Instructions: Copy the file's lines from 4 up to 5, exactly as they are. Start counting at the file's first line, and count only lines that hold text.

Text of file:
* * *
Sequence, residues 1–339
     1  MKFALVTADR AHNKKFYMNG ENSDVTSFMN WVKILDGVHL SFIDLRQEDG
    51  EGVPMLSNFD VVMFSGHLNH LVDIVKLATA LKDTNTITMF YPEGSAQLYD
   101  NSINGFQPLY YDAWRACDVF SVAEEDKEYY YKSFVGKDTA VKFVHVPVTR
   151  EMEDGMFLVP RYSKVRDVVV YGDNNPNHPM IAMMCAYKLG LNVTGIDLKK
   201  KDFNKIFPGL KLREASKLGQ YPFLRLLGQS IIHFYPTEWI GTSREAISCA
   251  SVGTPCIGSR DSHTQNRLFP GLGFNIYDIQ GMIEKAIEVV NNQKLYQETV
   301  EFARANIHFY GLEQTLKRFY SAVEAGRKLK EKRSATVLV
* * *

   101  NSINGFQPLY YDAWRACDVF SVAEEDKEYY YKSFVGKDTA VKFVHVPVTR
   151  EMEDGMFLVP RYSKVRDVVV YGDNNPNHPM IAMMCAYKLG LNVTGIDLKK